There are some things in life it's great to have spare copy of. Your keys, your kidneys and your backups to name a few.
The dictionary definition of this is:
So you're looking for two (or more) rows that are copies of each other. For example, the two rows below hold identical information:
TITLE UK_RELEASE_DATE LENGTH_IN_MINUTES BBFC_RATING ------- ----------------- ----------------- ----------- Frozen 06-DEC-2013 00:00 102 PG Frozen 06-DEC-2013 00:00 102 PG
But often you need to find copies on a subset of the columns. For example, it's common for tables to have an ID column. This means the rows are no longer exact copies. But all the "real world" information is repeated:
FILM_ID TITLE UK_RELEASE_DATE LENGTH_IN_MINUTES RATING ---------- ---------- ----------------- ----------------- ------ 1 Frozen 06-DEC-2013 00:00 102 PG 2 Frozen 06-DEC-2013 00:00 102 PG
Or maybe there are only one or two column values that are copies. It is common for websites to use your email address as your username. So if you have more than one email address in your user accounts table, how do you know who is who?
USER_ID EMAIL_ADDRESS FIRST_NAME LAST_NAME ------- ------------- ---------- --------- 1 email@example.com Dave Badger 2 firstname.lastname@example.org Sarah Fox
So your first step to finding the duplicates is defining which columns form a repeating group.
In the first films example above the rows are exact duplicates. So you may be tempted to say "all columns". But what if you insert another row like this:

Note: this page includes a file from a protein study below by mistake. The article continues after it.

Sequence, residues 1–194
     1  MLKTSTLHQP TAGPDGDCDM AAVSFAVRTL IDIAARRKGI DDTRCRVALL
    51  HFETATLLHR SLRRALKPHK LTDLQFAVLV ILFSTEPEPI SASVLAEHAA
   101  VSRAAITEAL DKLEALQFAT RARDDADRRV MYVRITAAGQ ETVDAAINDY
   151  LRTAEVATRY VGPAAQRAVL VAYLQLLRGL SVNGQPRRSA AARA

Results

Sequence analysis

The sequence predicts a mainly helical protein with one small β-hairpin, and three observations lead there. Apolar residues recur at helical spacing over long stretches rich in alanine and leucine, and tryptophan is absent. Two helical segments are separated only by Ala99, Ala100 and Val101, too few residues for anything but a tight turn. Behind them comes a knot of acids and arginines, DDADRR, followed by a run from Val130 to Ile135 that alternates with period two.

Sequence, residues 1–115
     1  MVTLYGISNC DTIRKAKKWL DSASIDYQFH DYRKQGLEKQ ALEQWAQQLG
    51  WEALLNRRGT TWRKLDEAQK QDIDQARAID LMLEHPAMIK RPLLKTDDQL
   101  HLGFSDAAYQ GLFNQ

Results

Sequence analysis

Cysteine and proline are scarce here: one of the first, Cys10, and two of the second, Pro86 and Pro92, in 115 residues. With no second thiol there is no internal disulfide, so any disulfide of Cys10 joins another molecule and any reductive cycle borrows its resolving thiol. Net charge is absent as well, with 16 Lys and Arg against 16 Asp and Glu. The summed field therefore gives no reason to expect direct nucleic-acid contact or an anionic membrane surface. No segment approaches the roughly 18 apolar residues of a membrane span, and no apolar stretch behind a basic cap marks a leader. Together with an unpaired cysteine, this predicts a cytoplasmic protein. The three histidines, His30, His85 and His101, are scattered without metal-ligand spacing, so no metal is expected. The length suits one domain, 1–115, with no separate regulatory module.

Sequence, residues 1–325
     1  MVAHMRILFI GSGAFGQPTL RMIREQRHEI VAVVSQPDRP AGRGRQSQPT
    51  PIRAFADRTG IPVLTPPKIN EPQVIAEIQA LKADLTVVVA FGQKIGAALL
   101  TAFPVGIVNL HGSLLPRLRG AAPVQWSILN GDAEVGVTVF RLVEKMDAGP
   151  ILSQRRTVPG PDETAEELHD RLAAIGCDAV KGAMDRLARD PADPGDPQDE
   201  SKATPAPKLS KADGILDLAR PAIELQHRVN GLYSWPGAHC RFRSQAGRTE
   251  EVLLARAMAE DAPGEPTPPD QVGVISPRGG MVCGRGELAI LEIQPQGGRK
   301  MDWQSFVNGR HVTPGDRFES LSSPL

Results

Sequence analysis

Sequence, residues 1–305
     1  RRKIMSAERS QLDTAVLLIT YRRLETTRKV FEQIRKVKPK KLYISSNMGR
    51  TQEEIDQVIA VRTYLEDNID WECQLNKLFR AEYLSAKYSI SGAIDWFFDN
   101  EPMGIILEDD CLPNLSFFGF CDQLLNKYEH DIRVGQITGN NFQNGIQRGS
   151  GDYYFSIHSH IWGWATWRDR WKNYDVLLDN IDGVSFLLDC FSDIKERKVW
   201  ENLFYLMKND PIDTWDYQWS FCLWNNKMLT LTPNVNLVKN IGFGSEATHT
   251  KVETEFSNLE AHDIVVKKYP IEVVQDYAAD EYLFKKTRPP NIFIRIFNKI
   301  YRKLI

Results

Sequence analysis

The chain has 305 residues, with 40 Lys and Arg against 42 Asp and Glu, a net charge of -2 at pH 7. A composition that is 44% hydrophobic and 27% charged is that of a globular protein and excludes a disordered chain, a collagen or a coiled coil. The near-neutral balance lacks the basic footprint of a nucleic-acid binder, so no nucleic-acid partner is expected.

TITLE UK_RELEASE_DATE LENGTH_IN_MINUTES BBFC_RATING ---------- ----------------- ----------------- ---------- Frozen 06-DEC-2013 00:00 90 U
So when looking for copies here, you want to use:
There are many ways you can find copies. Using group by is one of the easiest. To do this, list all the columns you identified in the previous step in the select and group by clauses. You can then count how many times each combination appears with count(*):
select title, uk_release_date, count(*) from films group by title, uk_release_date
This returns you a single row for each combination. This includes the rows without duplicates. To return just the copied values you need to filter the results. This is those where the count is greater than one. You can do this with a having clause, like so:
select title, uk_release_date, count(*) from films group by title, uk_release_date having count(*) > 1;
If you want to display the all the rows you need another step. Query the table again. Filter it by checking where the rows are in the results of the above query:
select * from films where (title, uk_release_date) in ( select title, uk_release_date from films group by title, uk_release_date having count(*) > 1 )
So far so good. You've had to list the table twice though. So it's likely you'll have two full scans of the table, as this execution plan shows:
For large tables, this could take a long time. It would be better if you could reference the table once.
select f.*, count(*) over (partition by title, uk_release_date) ct from films f;
So what difference does this make?
Unlike group by, analytics preserve your result set. So you can still see all the rows in the table. This means you only need to list the table once.
You still need to filter the results though. Currently it includes the unduplicated values. You can't use analytic functions in the where or having clauses:
select f.* from films f where count(*) over (partition by title, uk_release_date) > 1; ORA-00934: group function is not allowed here
So you need to do this in an inline view:
select * from ( select f.*, count(*) over (partition by title, uk_release_date) ct from films f ) where ct > 1